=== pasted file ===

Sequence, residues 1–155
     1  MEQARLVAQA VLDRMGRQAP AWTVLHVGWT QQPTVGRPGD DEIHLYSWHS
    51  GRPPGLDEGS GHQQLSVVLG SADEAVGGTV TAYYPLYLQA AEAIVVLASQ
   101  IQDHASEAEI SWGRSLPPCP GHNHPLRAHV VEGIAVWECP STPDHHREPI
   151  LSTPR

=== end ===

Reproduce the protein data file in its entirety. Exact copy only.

Sequence, residues 1–155
     1  MEQARLVAQA VLDRMGRQAP AWTVLHVGWT QQPTVGRPGD DEIHLYSWHS
    51  GRPPGLDEGS GHQQLSVVLG SADEAVGGTV TAYYPLYLQA AEAIVVLASQ
   101  IQDHASEAEI SWGRSLPPCP GHNHPLRAHV VEGIAVWECP STPDHHREPI
   151  LSTPR